Reps move for removal of impediments to MDAs’ probe
The House of Representatives Committee on Public Accounts is making moves to remove the constitutional constraints to conducting the investigation of Ministries, Departments and Agencies (MDAs)
Chairman of the committee, Kingsley Chinda, during an interview with The Guardian in Abuja, expressed worry that Section 85 (5) of the country’s constitution, which empowers the Accountant-General of the Federation (AGF) to periodically lay reports of financial misconduct by the MDAs to the legislature for consideration, did not spell out the time frame for their examination and what next to do after that.
At the lower legislative chamber alone, he said the Committee on Public Accounts is battling with the resolution of several financial complaints from the existing 614 agencies of Federal Government. Many of them are arising from the agencies’ budgets and financial activities of 2010, 2011, 2012 and 2013, according to Chinda.
The lawmaker said if there were to be a period for dealing with them, many of them would have been sorted out by the previous legislative assemblies.
He maintained that if the relevant constitutional provision were not urgently expanded to accommodate the time frame, successive parliamentary sessions would also inherit inconclusive investigations of the financial dealings from the AGF.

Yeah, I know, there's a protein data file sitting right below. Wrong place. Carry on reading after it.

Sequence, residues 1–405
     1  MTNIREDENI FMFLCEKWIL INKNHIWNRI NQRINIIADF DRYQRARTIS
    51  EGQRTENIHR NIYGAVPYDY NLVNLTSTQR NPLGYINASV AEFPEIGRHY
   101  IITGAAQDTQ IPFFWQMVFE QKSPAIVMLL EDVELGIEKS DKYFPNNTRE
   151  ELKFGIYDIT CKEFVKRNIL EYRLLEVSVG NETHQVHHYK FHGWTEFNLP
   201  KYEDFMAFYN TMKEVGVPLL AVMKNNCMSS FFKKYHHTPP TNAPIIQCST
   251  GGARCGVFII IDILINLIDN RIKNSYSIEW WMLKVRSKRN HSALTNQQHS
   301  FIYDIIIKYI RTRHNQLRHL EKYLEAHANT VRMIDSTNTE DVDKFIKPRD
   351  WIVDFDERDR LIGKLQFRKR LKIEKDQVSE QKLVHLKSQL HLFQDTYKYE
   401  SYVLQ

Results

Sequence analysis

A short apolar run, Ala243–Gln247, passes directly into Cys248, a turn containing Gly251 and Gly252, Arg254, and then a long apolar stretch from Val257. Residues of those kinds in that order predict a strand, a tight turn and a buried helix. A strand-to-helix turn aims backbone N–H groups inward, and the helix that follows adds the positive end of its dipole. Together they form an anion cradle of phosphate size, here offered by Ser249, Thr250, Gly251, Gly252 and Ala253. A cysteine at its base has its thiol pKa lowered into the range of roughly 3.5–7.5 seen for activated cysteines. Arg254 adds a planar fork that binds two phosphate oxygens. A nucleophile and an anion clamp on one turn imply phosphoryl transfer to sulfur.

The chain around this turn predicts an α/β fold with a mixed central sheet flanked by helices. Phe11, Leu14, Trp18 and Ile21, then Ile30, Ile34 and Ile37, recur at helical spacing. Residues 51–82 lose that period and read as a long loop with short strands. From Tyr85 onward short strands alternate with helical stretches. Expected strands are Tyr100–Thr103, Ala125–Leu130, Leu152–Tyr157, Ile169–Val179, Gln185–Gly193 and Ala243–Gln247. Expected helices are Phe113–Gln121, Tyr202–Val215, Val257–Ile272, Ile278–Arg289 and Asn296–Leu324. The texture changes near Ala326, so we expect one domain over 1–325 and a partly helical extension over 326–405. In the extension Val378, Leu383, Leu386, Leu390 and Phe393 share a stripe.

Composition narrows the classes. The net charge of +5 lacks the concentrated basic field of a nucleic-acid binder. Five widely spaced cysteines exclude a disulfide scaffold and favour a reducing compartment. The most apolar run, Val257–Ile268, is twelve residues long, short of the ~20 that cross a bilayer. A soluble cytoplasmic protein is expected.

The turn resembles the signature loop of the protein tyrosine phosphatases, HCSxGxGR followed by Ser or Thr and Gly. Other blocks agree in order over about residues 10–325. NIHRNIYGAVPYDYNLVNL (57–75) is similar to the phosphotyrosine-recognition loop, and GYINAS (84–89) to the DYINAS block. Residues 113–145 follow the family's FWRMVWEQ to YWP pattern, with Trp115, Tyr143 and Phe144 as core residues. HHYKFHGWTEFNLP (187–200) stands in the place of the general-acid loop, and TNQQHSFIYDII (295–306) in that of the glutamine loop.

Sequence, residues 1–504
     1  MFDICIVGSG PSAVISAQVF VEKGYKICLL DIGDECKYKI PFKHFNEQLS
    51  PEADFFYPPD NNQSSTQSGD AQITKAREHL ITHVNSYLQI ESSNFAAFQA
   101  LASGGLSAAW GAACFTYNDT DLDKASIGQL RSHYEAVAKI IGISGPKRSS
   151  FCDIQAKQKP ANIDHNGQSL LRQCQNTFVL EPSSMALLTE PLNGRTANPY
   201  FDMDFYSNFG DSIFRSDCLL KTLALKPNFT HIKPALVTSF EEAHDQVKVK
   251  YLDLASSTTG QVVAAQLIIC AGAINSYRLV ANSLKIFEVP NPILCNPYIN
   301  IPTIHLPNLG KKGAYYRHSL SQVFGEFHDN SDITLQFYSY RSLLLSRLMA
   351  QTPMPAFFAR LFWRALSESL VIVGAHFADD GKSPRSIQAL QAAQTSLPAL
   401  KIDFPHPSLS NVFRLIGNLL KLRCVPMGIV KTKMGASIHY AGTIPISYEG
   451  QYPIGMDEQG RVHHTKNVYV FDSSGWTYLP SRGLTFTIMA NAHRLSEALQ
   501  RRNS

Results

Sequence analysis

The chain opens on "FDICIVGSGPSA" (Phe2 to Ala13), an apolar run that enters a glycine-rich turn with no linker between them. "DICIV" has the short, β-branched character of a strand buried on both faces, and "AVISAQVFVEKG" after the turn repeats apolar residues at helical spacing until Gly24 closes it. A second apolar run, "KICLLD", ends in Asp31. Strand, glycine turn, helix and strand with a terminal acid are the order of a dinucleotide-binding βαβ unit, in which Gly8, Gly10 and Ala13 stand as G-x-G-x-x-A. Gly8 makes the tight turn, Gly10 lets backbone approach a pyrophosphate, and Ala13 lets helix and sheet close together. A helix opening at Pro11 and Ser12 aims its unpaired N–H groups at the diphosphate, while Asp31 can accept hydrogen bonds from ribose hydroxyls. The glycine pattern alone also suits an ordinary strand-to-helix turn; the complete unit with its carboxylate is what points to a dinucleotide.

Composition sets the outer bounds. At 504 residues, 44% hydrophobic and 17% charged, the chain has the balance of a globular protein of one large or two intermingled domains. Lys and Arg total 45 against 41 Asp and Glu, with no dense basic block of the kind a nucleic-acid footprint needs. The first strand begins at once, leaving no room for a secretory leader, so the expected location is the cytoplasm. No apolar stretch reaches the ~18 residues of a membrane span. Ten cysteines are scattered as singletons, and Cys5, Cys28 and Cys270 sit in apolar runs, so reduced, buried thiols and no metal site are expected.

The panel is yet to submit any of its reports to the House since the legislature was inaugurated last year.Chinda said despite the failure of the constitution to specify the time for doing so, the committee was striving at compiling its report to the House as it has so far in about one and a half years, carried out investigations into about 100 MDAs beginning from 2010.
Chinda said as a palliative measure, the committee had put together a sub-committee to propose an amendment of the constitutional provision, which when found to be justifiable, would be forwarded to a constitutional review panel of the National Assembly for adoption. It has one month to submit its report, according to him.
According to the lawmaker, it is only through this that the legislature would be seen as promoting financial propriety and the anti-corruption fight of President Muhammadu Buhari.
Comparing the country’s situation with Uganda whose parliamentarians from Local Government Committee on Public Accounts participated in one of the House Committee hearings last week, Chinda said the Ugandan lawmakers are empowered by the constitution to conclude financial investigations within a time frame, making it obligatory for the executive to adopt and act on the findings.
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